QUEBEC — This year, it's an NHL All-Star team--accent on team--and not a team of All-Stars.
Reason: the Soviets.
"We did not necessarily want an 'All-Star' team, we wanted a team with the right chemistry," said Cliff Fletcher, general manager of the Calgary Flames, who helped pick the players for the Rendez-Vous '87 series against the Soviet national team.
The NHL also wanted a team that had a chance of beating a formidable Soviet team Wednesday and Friday at the Nordiques' Le Colisee. Even the league knows it won't be easy.
"These guys play Saturday and Sunday night in their league games and will virtually have no workouts together before they meet the Russians," Hartford General Manager Emile Francis said. "It's the Russian national team and they'll have the advantage of playing together for so long."
To beat them, the NHL players "will have to forecheck very well in their own end, because that's where games are won and lost," Francis said.
"They'll have to cause a lot of turnovers, and they'll have a chance of winning them. But the Russians are more physical than they used to be and you're not going to run them out of the arena," he said.
Bob Pulford, coach and general manager of the Chicago Blackhawks, who was on the selection committee, said: "You must be able to skate against the Russians. Having very good skaters also went into the makeup of the team. You've got to have movement against them, go after them and be offensive, rather than sit back and worry about stopping them."
As a result, this year's All-Star lineup features cliques of players from certain teams--most notably Edmonton, with seven--and none from seven of the league's 21 teams.
"Because we're going to have very little practice time prior to the first game, we strongly believed that players who play together would be a great asset," Fletcher said, citing the Oilers' top line of center Wayne Gretzky, right wing Jari Kurri and left wing Esa Tikkanen as an example.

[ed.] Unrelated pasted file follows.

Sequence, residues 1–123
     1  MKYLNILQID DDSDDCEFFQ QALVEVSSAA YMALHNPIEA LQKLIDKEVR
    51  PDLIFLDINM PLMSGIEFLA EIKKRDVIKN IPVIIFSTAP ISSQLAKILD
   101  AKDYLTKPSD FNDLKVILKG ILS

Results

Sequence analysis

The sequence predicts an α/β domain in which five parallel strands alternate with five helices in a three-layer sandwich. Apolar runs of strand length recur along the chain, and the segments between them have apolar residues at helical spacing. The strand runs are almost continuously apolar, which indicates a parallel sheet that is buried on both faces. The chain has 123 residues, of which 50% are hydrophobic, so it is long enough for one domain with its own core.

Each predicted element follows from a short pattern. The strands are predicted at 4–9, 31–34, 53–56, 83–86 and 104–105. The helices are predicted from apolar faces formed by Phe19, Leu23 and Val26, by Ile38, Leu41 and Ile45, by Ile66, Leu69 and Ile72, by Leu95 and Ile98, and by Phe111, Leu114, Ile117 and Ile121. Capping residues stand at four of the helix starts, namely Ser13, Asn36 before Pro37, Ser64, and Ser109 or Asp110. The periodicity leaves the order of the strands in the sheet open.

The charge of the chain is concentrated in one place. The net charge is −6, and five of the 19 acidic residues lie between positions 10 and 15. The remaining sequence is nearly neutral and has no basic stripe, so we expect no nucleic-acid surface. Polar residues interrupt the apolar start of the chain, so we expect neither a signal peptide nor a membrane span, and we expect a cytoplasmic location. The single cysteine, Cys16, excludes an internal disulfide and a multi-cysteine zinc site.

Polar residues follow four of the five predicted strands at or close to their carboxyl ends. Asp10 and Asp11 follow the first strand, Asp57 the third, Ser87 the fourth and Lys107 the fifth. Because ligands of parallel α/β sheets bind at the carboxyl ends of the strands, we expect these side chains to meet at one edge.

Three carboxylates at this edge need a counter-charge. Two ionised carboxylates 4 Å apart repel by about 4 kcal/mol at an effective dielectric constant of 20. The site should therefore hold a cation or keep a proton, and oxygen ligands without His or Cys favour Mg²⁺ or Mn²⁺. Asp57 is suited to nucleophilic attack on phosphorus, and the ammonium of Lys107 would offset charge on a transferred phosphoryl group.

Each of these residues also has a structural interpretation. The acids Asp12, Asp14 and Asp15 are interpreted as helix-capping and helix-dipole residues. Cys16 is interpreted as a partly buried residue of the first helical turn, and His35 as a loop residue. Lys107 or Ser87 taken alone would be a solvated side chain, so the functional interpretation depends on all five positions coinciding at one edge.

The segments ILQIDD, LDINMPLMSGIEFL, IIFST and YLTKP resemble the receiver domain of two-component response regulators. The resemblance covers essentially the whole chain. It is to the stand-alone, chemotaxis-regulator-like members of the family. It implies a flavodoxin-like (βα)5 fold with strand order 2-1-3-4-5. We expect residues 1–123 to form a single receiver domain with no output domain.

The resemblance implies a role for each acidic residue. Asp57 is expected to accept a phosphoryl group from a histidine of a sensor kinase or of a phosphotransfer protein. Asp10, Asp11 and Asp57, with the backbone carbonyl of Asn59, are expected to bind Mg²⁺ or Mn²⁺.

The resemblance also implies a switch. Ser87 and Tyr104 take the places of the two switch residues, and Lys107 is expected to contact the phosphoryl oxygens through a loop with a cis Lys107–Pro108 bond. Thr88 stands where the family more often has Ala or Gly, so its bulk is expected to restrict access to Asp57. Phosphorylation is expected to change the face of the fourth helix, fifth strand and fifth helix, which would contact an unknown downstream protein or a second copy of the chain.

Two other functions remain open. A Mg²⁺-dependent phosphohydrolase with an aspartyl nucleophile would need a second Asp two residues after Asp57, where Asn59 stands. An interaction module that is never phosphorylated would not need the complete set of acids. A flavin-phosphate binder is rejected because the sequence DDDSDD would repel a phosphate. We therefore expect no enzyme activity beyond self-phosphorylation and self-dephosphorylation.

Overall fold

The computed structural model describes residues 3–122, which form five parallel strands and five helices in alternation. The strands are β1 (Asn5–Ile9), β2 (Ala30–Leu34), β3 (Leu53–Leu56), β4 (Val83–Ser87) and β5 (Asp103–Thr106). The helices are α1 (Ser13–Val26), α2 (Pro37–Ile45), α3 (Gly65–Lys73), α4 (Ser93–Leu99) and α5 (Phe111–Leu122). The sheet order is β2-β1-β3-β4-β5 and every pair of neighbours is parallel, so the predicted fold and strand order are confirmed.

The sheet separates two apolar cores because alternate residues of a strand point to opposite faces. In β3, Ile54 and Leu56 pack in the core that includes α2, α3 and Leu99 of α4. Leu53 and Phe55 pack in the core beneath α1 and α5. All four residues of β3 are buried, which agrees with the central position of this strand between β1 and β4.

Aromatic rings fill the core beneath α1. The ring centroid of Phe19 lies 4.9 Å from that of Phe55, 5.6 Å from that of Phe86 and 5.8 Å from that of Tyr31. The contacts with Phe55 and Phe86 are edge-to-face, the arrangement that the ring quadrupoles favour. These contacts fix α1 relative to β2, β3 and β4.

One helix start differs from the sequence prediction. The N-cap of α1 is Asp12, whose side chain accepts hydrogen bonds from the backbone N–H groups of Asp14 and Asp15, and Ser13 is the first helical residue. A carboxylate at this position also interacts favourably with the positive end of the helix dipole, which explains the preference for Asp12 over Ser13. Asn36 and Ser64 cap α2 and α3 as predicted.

The other All-Star Oilers are center Mark Messier and right wing Glenn Anderson, who usually play together on their second line, defenseman Paul Coffey and goaltender Grant Fuhr.
Patrick Division-leading Philadelphia, with four, has the second-highest number of players on the All-Star roster. The Flyers are represented by center Dave Poulin, right wing Tim Kerr, defenseman Mark Howe and goaltender Ron Hextall.
The NHL wanted a tough team--and tough players.
"We felt we had to have some people who could check, rather than have all of them being just scorers," Pulford said. "Dave Poulin, Kirk Muller and Kevin Dineen are examples of this. They're hard-working and tough. We wanted lots of those. Of course, they're good hockey players, too."
Pulford said the committee of eight general managers charged with pulling together this team was "bothered a great deal" by leaving off players from so many teams.
"But our directive was to put together the best team possible and not necessarily someone from every team," he said. "It wasn't an easy job. There are probably some players that other people would have chosen."
One is Minnesota's Dino Ciccarelli, and his absence prompted an angry response from the North Stars.
"It's robbery," said Murray Oliver, the team's administrative assistant. "He deserves it more than Tomas Sandstrom" of the New York Rangers.
"We knew that some people wouldn't like the team," Pulford said. "But, it wasn't decided in 15 minutes. It was done with a great deal of thought."
For the second straight year, fans voted for the starting lineup. The other 27 players were selected by the NHL committee, which included Pulford and Tommy Ivan of the Blackhawks, Fletcher, Bill Torrey of the New York Islanders, Serge Savard of Montreal, Keith Allen of Philadelphia, Glen Sather of Edmonton and Scotty Bowman, the deposed general manager at Buffalo.
Pittsburgh's Mario Lemieux outpolled Gretzky for the center position in the biggest surprise of the voting. Fans also selected Quebec's Michel Goulet at left wing, the Islanders' Mike Bossy at right wing, Coffey and Howe on defense, and Quebec's Clint Malarchuk in goal.
The others picked by the committee included, on defense, Boston's Ray Bourque, Montreal's Chris Chelios and Rick Green, Washington's Rod Langway, Buffalo's Mike Ramsey, Hartford's Ulf Samuelsson and Chicago's Doug Wilson.
On offense, the committee picked Winnipeg's Dale Hawerchuk at center and Montreal's Claude Lemieux and Sandstrom at right wing.